In any case, the book flips back and forth between Citrine's current messed up life and his memories of Fleischer. He recalls Fleischer befriending him when Citrine first came to New York as a young, naïve wannabe writer and how their career trajectories intersected. Citrine went from being unknown to successful; Fleischer slid from famous and successful into obscurity. Their friendship splintered as the older writer became increasingly self-destructive. Citrine remembers the last time he saw Fleischer on the street in New York. The sight of Fleischer looking like a down and out wino spooked Citrine so much he found himself unable to cross the street to talk to his old friend. Instead, he had a panic attack and dashed back to the safety of Chicago. Shortly after that almost meeting, he learned Fleischer is dead.

Saul Bellow has Citrine revisit this memory multiple times in the book. You can tell it preys on Citrine; he's carrying a fair amount of guilt around for losing contact with the man who had been his mentor and had encouraged his ambitions back when he was unknown and struggling. At the same time, he's trying to deal with his wife's legal machinations, his girlfriend's mercenary instincts, a borderline Chicago mafia type who inserts himself into Citrine's life over a gambling debt, and his increasing financial woes. Citrine is a mess.

He's also not particularly likable. He's basically your standard issue self centered middle aged white guy misogynistic racist pig. I kept hoping the minor league Mafioso would decide to shove Citrine off a high-rise construction girder or stuff him into a garbage truck. No such luck. Four hundred plus pages and the jerk kept breathing. There was no happy ending in this book, unless Fleischer getting moved to a grave in a better location counts as one.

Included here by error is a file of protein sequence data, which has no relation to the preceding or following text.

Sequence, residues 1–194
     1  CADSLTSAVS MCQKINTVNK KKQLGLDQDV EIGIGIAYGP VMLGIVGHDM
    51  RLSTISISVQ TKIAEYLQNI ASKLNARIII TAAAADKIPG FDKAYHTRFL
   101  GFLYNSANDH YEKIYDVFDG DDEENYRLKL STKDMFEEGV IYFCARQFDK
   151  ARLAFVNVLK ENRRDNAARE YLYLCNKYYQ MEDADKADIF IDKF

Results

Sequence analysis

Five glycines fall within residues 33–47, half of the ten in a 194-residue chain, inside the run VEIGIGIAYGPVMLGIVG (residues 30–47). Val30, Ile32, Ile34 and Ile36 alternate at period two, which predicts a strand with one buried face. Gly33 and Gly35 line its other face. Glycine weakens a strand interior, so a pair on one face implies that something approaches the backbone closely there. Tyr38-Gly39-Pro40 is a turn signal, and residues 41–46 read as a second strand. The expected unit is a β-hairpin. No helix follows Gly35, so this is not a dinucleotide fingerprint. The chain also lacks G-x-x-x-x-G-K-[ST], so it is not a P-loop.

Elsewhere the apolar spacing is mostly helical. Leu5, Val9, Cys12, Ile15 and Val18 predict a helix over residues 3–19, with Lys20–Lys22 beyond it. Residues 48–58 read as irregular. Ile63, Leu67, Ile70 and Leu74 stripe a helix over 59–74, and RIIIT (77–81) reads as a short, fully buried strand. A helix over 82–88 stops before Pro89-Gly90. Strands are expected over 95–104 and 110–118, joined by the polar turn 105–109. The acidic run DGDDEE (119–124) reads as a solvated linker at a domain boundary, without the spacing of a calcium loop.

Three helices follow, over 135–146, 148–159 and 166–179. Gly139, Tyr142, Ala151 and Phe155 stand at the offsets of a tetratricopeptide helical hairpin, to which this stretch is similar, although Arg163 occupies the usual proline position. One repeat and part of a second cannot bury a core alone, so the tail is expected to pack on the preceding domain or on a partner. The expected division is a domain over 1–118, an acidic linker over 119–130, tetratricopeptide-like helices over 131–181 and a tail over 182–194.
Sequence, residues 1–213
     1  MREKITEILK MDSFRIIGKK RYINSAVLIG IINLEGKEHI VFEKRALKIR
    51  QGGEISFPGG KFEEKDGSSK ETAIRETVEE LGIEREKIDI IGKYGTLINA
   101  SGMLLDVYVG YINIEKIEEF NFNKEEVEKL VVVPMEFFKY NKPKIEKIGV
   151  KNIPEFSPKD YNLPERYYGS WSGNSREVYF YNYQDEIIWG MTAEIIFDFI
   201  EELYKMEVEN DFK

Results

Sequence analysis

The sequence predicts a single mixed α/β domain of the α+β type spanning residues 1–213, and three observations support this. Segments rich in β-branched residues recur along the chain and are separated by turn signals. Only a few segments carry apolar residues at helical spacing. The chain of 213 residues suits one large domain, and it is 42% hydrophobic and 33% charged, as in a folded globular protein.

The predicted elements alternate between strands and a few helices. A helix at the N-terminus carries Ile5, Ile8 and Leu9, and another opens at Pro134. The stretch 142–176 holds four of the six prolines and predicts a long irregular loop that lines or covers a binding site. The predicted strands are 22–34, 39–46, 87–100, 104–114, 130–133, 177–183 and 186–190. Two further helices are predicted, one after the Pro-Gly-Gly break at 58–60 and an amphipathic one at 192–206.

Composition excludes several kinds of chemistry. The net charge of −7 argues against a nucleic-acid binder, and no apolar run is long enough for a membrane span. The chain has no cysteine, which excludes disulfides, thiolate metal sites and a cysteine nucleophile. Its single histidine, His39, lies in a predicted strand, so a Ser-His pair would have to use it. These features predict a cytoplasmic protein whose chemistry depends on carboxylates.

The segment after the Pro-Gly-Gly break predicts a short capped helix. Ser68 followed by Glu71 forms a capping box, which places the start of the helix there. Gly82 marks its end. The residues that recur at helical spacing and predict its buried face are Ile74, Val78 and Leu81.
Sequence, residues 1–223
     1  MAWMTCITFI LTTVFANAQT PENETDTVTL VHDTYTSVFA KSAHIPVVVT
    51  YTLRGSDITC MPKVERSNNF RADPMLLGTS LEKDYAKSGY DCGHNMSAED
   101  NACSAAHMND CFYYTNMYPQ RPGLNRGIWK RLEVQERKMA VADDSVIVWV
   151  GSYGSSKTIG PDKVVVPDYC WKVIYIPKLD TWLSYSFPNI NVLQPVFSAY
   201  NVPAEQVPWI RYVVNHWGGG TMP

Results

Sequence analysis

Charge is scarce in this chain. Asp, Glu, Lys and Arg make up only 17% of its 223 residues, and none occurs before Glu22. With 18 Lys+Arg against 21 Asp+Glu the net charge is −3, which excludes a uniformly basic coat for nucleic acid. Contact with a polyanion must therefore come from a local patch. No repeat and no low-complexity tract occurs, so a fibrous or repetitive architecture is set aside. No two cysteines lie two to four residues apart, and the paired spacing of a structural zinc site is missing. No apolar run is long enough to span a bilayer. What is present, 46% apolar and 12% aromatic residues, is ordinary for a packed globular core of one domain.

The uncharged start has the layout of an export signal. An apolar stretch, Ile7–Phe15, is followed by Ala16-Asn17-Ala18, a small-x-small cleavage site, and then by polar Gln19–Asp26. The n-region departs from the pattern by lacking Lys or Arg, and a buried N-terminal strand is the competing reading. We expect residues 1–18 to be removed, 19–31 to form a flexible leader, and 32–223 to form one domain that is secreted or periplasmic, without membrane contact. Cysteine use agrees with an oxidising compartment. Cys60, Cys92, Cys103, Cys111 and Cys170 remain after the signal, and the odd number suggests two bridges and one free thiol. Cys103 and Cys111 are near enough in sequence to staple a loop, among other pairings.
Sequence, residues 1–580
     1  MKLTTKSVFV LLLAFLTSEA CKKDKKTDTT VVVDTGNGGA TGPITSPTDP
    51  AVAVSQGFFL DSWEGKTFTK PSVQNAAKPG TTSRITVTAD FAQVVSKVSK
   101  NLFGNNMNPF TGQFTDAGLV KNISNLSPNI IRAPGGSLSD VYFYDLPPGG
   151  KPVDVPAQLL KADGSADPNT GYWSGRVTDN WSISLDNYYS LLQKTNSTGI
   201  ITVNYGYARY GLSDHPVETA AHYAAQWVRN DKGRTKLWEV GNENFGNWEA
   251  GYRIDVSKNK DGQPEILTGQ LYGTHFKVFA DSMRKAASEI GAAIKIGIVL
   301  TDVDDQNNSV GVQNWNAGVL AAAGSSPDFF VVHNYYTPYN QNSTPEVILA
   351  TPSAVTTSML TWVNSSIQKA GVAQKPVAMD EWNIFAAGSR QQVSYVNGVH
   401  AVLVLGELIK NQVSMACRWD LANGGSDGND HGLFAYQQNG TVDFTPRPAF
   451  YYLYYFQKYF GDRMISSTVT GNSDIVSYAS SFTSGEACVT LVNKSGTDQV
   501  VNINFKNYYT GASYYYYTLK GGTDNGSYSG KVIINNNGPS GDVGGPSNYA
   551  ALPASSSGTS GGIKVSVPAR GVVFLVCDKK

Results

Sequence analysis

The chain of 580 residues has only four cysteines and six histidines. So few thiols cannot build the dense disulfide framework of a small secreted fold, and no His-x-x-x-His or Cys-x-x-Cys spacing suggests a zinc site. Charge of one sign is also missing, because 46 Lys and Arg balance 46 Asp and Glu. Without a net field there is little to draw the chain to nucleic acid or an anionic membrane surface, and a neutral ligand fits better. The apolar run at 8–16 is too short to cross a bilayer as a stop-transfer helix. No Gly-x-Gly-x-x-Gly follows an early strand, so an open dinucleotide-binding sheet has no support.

After I finished the book, I did some Googling. I try not to do that before reading the books on the list because I try to approach the Pulitzer winners with an open mind. Turns out that Humboldt's Gift is autobiographical. It's a fictionalized version of Saul Bellow's friendship with the poet Delmore Schwarz. Given that I had never heard of Delmore Schwarz but was familiar with Bellow's name (although I hadn't read anything he'd written) it does appear there were strong parallels when it came to the rise and fall of name recognition/notoriety/success. I also learned that the first incarnation of Humboldt's Gift was a short story published in Playboy. How a short story goes from a few thousand words to filling 400+ pages is a mystery, but Bellow must have been feeling inspired.